So…how can you help your child manage their increased level of anxiety?

Allow your child the space to talk about any fears or worries. It helps so many children to talk about what’s bothering them but it can be hard for children to bring up these conversations. You can encourage your child to open up by sharing some child-appropriate fears of yours and what you do to help yourself feel better when you’re feeling anxious or worried. Another way to encourage conversation is to read a book about worry to your child. After reading the book, you can start the conversation by asking your child if they’ve ever felt like the worried character in the story.

Keep your home routine as consistent as possible. Children feel less anxious when they know what to expect. Even though summer offers more flexibility in your schedule, it’s important to keep some consistency. A great way to achieve this consistency is by keeping the same bedtime routine you have during the school year. Whether it’s reading stories or just cuddling and talking about your day before bedtime, the consistency will provide comfort for your child.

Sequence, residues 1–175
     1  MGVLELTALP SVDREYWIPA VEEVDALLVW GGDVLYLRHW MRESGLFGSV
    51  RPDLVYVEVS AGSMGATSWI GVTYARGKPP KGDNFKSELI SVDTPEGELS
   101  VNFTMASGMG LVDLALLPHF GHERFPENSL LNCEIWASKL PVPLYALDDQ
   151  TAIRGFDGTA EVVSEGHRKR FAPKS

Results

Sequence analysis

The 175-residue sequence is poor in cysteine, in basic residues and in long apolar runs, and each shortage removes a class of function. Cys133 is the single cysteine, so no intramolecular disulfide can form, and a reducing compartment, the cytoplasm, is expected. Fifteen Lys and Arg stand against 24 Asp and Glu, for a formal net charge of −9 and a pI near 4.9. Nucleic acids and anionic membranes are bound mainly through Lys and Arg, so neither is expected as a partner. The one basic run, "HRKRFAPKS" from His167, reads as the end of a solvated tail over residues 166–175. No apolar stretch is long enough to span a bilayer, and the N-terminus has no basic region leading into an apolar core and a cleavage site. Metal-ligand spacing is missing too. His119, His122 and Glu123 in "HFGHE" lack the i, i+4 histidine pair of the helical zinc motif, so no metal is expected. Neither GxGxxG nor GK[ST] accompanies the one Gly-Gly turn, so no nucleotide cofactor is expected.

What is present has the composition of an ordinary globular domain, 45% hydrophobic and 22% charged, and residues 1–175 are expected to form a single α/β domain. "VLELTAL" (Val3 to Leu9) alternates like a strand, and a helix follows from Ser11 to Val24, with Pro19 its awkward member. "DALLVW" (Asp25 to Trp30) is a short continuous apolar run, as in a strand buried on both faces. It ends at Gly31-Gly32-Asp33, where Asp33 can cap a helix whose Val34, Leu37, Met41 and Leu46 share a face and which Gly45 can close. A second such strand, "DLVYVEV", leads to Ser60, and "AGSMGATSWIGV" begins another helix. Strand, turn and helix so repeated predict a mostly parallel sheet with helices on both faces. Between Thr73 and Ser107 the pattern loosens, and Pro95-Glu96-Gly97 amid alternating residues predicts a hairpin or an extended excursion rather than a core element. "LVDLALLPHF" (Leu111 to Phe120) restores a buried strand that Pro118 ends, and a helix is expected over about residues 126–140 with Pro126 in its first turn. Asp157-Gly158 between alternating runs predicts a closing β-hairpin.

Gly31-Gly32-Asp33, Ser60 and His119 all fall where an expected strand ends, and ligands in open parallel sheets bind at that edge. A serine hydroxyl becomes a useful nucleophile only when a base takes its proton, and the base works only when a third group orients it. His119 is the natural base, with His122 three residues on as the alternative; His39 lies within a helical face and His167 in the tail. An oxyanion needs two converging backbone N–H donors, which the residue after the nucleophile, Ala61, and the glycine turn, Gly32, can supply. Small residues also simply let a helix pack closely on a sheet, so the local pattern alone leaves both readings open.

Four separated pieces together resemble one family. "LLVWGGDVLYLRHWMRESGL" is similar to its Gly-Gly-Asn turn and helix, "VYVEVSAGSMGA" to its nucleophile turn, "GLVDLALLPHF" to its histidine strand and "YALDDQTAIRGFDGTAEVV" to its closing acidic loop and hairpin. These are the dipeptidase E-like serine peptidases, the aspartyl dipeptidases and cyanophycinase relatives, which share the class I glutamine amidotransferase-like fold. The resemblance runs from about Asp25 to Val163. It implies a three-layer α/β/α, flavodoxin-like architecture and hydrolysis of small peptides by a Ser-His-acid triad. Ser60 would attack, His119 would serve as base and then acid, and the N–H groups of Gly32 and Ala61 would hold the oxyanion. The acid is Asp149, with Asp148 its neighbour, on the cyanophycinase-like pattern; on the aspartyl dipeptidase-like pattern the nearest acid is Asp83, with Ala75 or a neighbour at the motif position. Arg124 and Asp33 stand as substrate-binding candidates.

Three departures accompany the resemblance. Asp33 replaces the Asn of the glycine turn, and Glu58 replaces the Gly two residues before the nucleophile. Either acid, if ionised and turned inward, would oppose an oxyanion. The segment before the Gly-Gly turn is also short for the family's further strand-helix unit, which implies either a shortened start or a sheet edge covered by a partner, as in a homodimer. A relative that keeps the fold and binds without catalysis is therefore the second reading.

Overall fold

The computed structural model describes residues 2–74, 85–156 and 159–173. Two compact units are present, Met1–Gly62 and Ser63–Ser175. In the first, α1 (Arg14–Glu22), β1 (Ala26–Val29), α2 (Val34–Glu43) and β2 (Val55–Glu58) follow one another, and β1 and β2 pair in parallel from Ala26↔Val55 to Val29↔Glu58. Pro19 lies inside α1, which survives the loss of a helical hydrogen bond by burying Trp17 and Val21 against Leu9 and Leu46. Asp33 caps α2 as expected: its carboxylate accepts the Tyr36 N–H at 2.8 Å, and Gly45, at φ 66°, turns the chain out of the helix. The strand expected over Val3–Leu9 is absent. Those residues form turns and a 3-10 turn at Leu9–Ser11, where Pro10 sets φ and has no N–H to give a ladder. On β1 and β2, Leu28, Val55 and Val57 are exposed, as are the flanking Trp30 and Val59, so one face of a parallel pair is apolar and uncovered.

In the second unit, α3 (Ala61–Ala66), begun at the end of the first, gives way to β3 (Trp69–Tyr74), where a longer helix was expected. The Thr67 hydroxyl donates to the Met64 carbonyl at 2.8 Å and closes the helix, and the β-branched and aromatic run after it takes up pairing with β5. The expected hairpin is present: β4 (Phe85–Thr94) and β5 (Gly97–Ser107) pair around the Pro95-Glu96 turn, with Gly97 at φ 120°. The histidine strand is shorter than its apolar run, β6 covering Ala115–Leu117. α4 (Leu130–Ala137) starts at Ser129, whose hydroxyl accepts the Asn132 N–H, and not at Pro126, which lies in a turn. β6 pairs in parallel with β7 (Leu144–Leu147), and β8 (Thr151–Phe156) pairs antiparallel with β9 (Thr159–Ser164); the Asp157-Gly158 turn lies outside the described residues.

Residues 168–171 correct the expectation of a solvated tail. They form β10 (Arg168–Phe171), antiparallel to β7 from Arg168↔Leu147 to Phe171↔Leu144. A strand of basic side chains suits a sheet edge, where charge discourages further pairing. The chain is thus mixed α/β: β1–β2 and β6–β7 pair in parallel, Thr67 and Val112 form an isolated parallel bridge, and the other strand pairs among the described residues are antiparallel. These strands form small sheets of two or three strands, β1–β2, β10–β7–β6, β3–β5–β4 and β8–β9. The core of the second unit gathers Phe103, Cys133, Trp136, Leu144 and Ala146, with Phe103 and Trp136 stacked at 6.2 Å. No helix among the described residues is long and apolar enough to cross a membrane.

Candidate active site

When your child feels physically well, they will be more prepared to handle any worries. Enough sleep will allow your child to feel calm, feel good about himself and able to make good choices (9-12 hours per night are recommended for children ages 6-12 while 8-10 hours per night are recommended for children ages 13-18). If your child is sleep-deprived, they may feel sad, hopeless or anxious. Also encourage your child to eat healthy food and drink plenty of water.